1) Don’t just report on the results. Describe the study itself– including who conducted it, what they were trying to figure out, their methods, participants, and any limitations in the data.
A report discussing links between COVID-19 and blood pressure levels explains how researchers discovered that these have been on the rise since the beginning of the pandemic. In separate paragraphs, the report explains the study’s methodology, shares data the researchers collected, and draws attention to limitations (for example, how the study “measured only people who were able to access health care”).
DON’T DO THIS
A report highlights the results of a study that found a correlation between consumption of high-fat dairy products and a reduced risk of chronic kidney disease, but does not contain any information about how the researchers determined that “high-fat dairy can support kidney health.” Instead, the report includes a quote from an expert who stated that “the results of this study are very interesting. They have a good sample size, they did some robust statistical analyses.”
Results are one of the most important things to convey when reporting on medical research, but methods and evidence are important, too. Quoting experts is helpful, but in order to get audiences to think critically about the validity of a study’s findings, it’s best to discuss analyses, sample size and other factors directly.
These are some things to consider including when reporting how a study was conducted:
- Who conducted it?
- Who was studied, and how robust was the sample?
- What were the limitations?
- Who funded the study?
- When and over what period of time was the study conducted?
- How was the data analyzed?
- Was this study peer-reviewed?
2) Help audiences understand the limitations of the data, and report on inconsistencies, unknowns, and uncertainties.
An article offers this qualifier: “Before we get into the findings, let’s be clear that this research is very preliminary. Most taxes haven’t been around long enough to get a clear sense of how they impact purchases and, importantly, health in the long term.”
DON’T DO THIS
An article exploring the health impacts of soft drink taxes quotes an official AAP policy statement declaring that “studies show that a sugary drink tax would be the most effective strategy to lower rates of childhood obesity. If implemented at a national level, it would prevent over a half a million cases of childhood obesity and save 31 dollars per dollar spent over 10 years.”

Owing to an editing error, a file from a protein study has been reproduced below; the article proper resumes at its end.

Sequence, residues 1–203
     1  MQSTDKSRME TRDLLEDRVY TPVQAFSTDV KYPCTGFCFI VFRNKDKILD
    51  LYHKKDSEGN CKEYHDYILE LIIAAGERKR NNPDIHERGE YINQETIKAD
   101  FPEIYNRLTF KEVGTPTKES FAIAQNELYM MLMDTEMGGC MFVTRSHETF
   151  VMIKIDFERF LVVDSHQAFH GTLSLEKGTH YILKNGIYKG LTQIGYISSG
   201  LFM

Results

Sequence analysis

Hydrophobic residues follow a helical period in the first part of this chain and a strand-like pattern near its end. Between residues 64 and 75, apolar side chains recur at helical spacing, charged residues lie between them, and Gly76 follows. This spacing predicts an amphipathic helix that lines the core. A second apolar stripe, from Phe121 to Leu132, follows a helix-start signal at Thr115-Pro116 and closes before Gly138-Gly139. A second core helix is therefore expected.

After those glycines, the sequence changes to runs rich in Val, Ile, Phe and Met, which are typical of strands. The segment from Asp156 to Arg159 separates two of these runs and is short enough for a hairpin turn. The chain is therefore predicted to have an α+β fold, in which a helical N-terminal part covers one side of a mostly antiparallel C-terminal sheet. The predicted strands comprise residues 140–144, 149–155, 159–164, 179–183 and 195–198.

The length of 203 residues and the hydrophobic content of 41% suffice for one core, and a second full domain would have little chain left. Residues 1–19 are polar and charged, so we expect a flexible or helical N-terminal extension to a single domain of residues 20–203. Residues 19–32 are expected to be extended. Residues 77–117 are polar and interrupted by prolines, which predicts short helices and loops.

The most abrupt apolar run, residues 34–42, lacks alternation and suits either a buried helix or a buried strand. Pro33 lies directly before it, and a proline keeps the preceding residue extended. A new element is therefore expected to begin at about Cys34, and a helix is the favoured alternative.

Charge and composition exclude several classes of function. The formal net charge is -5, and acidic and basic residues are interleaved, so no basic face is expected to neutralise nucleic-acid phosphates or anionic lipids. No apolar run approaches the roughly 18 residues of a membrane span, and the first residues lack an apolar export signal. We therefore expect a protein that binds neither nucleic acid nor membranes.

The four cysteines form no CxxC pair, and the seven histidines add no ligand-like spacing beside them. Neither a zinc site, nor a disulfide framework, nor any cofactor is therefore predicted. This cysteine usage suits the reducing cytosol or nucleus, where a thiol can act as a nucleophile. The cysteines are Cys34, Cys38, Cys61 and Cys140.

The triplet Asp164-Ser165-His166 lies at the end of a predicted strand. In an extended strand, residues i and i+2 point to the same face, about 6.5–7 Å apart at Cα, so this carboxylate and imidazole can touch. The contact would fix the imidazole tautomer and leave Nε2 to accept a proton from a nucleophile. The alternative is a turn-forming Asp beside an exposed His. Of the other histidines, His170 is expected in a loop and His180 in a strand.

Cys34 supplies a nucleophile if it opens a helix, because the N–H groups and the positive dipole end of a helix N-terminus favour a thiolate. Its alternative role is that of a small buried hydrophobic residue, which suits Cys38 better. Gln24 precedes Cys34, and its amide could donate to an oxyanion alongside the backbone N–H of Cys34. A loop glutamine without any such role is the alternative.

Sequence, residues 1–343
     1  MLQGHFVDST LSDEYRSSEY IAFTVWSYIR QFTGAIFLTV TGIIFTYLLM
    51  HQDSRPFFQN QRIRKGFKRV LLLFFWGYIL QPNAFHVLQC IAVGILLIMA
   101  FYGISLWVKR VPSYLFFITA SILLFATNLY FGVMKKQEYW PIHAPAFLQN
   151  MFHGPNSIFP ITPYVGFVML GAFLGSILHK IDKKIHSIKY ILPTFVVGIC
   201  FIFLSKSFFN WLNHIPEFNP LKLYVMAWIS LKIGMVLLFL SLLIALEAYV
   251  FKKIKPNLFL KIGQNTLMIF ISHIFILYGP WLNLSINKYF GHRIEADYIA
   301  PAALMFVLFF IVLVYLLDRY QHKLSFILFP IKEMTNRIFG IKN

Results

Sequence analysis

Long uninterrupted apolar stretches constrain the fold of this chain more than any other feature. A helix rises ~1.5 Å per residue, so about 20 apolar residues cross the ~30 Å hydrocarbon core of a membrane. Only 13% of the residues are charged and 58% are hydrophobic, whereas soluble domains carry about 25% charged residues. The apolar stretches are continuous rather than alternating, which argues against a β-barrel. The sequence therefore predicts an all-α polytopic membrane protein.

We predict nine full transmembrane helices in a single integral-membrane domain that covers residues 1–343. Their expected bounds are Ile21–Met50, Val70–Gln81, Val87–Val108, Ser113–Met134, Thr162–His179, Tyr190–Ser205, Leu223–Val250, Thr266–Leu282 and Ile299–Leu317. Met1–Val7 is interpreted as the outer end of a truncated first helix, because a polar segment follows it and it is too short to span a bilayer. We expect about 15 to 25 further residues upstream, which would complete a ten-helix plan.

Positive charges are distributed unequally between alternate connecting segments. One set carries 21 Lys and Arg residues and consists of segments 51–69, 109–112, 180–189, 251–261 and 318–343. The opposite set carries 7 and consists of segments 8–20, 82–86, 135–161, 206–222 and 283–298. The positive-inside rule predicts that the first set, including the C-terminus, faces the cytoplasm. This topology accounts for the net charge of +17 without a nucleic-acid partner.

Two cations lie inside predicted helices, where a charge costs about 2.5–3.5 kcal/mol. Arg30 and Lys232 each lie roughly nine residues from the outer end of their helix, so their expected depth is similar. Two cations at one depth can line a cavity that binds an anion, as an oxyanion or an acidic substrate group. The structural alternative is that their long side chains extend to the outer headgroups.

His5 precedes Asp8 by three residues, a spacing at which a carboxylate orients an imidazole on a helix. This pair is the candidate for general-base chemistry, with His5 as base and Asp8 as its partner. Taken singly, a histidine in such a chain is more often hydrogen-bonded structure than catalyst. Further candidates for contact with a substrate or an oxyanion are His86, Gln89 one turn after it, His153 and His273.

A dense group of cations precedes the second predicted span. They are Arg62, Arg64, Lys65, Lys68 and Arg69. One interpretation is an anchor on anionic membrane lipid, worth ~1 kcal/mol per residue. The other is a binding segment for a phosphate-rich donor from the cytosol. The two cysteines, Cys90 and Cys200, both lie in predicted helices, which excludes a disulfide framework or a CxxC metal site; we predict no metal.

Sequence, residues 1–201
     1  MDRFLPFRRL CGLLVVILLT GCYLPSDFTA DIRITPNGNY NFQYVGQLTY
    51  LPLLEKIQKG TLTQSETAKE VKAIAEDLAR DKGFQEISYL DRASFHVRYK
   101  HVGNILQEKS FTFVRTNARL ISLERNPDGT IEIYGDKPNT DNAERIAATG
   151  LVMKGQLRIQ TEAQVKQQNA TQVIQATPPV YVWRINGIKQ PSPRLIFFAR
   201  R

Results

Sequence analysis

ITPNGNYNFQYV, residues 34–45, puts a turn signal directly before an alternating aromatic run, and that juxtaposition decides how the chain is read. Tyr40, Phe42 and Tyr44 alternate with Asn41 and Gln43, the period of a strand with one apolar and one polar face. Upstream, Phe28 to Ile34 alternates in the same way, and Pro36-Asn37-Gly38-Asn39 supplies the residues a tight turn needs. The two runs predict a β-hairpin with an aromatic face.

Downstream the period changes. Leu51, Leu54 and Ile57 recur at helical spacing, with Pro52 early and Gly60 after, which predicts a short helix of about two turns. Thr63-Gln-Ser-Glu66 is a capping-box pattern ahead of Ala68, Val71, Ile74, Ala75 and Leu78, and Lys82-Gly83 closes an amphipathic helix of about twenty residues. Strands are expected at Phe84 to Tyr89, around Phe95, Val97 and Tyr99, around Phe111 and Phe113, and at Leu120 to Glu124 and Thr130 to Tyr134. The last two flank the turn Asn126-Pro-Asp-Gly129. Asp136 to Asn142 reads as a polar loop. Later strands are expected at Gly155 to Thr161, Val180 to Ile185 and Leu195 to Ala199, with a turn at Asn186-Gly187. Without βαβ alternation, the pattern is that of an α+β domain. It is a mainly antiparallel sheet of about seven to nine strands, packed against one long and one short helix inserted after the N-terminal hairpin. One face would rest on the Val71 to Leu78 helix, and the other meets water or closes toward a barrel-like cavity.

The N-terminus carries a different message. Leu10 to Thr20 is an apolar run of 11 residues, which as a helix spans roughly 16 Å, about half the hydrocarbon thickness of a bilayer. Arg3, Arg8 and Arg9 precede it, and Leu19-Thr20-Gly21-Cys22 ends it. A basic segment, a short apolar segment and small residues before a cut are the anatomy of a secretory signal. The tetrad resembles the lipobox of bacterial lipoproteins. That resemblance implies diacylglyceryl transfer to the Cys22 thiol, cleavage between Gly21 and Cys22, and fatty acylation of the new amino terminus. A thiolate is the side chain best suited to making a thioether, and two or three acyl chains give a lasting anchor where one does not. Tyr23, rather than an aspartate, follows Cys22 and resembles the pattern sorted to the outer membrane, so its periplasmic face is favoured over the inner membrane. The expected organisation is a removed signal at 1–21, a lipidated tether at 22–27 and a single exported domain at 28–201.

People often see medical science as something that dwells in the realm of certitude and unquestionable truth. But research rarely produces definitive results, and often, this is not what medical scientists are striving for. Help audiences understand the nature of the scientific process by conveying that medical studies can leave us with more questions than answers.
3) Make clear distinctions between correlation and causality. Don’t assume clear cause-and-effect relationships unless the study was designed that way.
An article discussing a Lancet study on dementia begins with the following statement: “While a new study showing a link between busy roads and dementia is important and interesting, it doesn’t show that living near such roads actually causes dementia. TL;DR: More research is needed.”
DON’T DO THIS
Another report on the Lancet study begins with the words “millions of people are at risk of dementia because they live near a busy road, scientists warn.”
The scientific study reported on in the above articles focused on dementia and Parkinson’s disease. It found that 10% of observed dementia cases occurred in people who lived within 50 meters of a busy road, and suggested that for these individuals, dementia might be associated with traffic exposure. But the study makes no causal claims. To avoid mistakes like that seen in the second example, go to the source, and check to see whether the published study actually uses cause-and-effect language. It is perfectly fine to acknowledge in reporting that researchers do not know everything and that more work is needed to better understand what influences shape an issue.